The largest oil exporter in the Middle East has teamed up with the second largest consumer of oil in the world (China) to build a gigantic new oil refinery and the mainstream media in the United States has barely even noticed it. This mammoth new refinery is scheduled to be fully operational in the Red Sea port city of Yanbu by 2014. Over the past several years, China has sought to aggressively expand trade with Saudi Arabia, and China now actually imports more oil from Saudi Arabia than the United States does. In February, China imported 1.39 million barrels of oil per day from Saudi Arabia. That was 39 percent higher than last February. So why is this important? Well, back in 1973 the United States and Saudi Arabia agreed that all oil sold by Saudi Arabia would be denominated in U.S. dollars. This petrodollar system was adopted by almost the entire world and it has had great benefits for the U.S. economy. But if China becomes Saudi Arabia’s most important trading partner, then why should Saudi Arabia continue to only sell oil in U.S. dollars? And if the petrodollar system collapses, what is that going to mean for the U.S. economy?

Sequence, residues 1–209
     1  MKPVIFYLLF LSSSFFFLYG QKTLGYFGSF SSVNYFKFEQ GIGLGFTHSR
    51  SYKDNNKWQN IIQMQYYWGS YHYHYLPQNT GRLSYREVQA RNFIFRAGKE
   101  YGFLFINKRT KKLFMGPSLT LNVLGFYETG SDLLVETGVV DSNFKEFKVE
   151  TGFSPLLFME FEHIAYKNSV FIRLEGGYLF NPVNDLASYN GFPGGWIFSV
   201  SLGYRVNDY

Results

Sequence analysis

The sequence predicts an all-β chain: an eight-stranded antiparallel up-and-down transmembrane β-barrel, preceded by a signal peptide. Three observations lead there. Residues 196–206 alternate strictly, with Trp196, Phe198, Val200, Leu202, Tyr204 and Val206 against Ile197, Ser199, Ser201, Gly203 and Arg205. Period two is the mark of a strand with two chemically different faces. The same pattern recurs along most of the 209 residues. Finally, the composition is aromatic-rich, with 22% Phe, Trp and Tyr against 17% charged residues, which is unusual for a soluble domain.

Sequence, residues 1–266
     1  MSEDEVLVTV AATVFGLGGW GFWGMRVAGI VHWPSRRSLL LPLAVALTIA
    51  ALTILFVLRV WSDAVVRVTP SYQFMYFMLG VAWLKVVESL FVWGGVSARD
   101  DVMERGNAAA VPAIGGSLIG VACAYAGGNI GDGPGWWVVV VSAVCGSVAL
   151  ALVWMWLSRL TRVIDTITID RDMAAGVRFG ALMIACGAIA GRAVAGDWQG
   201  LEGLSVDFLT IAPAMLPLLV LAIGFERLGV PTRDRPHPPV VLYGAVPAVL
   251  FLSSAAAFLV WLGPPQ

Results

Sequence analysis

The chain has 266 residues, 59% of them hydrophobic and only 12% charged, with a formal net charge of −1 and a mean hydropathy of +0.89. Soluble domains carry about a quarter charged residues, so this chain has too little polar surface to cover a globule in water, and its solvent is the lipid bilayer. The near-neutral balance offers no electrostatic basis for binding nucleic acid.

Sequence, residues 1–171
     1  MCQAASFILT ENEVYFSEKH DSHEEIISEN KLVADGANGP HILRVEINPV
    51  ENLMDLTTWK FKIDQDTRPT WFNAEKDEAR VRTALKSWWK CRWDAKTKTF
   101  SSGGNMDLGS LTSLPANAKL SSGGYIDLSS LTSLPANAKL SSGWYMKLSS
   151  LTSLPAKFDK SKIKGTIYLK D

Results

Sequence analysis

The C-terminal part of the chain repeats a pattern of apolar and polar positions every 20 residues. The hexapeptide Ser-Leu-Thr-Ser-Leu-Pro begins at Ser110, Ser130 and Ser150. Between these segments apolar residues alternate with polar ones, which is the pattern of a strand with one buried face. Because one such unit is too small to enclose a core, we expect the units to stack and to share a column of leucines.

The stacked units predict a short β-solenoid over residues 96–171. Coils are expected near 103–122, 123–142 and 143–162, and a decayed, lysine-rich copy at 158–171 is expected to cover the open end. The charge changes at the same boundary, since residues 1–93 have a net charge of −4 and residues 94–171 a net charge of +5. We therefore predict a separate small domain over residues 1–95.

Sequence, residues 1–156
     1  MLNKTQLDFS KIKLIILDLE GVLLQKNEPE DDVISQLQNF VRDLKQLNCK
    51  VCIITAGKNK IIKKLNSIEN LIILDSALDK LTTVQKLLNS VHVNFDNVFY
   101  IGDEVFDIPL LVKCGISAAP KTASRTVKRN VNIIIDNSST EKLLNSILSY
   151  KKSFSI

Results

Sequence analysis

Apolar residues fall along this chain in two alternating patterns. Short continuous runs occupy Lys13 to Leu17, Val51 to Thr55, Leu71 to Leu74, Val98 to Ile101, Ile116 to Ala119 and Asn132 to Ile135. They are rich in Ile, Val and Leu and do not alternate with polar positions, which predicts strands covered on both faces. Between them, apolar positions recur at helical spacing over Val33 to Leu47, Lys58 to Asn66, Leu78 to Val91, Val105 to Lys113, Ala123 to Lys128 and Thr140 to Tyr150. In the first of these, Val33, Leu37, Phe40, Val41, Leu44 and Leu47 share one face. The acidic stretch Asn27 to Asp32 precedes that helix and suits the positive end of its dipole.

Archive for March 23, 2012
I’ve mentioned before how I’m proud and lucky to work for the Cato Institute, first and foremost because my colleagues are scrupulously non-partisan. We promote the ideals of freedom and liberty and we’ll work with any politician of any party who happens to be on the right side. Likewise, we’ll attack statism, regardless of what political party is in charge.
But I’m also proud to be at Cato because of the high-quality research. The latest example is a study looking at examples of defensive gun use. It’s a fascinating look at real-world anecdotes, augmented by references to other scholarly work.
If you’ve seen the Powerpoint presentation on the Second Amendment that I posted, you’ll understand why I like this new research. Here are some key excerpts.
If policymakers are truly…
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